Meet Tuck's Admissions Director

A conversation with Sally Jaeger, director of MBA admissions at Dartmouth College

Our guest on Nov. 12, was Sally Jaeger, director of admissions at the Tuck School of Business at Dartmouth College, No. 16 on BusinessWeek's Top 30 List. She joined the admissions staff at the Tuck School in 1993, and became the school's director of admissions in 1996. Recently, she was promoted to assistant dean of the MBA program. Ms. Jaeger was interviewed by Business Week Online reporter Mica Schneider. Here's an edited transcript of that discussion:

Q: Applications to Tuck decreased slightly in 2001, with 2,400 crossing your desk. At the same time, Tuck began increasing the size of its full-time MBA class to 240 students, an addition of about 60 people. This application season is quite a different story -- especially since Tuck received a No. 1 ranking from our rival,The Wall Street Journal.


There's no question about it. Something of that magnitude, even though it was back in April, has lasting value. Buying and sending out reprints doesn't hurt, either.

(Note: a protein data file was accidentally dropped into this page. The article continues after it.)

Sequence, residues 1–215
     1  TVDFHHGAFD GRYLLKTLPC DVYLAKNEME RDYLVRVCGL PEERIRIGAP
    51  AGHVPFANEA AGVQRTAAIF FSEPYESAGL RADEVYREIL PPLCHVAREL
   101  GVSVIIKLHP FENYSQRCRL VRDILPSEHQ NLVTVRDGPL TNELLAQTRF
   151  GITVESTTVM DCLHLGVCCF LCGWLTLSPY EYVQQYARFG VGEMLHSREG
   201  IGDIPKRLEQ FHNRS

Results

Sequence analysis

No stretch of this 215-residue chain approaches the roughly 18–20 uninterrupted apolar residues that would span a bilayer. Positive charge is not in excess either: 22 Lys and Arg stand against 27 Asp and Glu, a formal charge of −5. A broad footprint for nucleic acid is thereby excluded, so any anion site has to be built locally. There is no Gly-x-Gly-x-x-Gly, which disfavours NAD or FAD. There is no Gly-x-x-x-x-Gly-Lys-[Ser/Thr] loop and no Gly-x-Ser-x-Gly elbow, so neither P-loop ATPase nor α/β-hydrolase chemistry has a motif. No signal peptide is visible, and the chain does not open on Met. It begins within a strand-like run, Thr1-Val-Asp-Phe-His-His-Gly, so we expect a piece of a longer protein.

Q: When we last spoke about Tuck admissions, you explained how the school reviews student applications. After two initial reviews by admissions staff, the applications are placed in one of five drawers -- drawer No. 1 being the one of choice for applicants, since it nearly guarantees admission. Care to update us on Tucks review process?


Every application is read by two people, who each assign a rating (to the application). After the two reads, it goes into one of five drawers. That's where it sits until we're vetting in committee. At that point, we cram into a medium-sized room and go through the applications together.

I usually first review the double-one, double-four, and double-five ratings (the ones being sure winners, the fours and fives being probable denials) because those are very clear decisions. They've been read by two people, and require less discussion than the bulk of the applicant pool.

Q: And the fate of the others?


The twos and the threes sit in the drawers until we're ready to discuss them. Those are the most difficult ones we look at. We divide them up, and if you didn't interview the person, and you didn't read his or her application, then you get to evaluate it.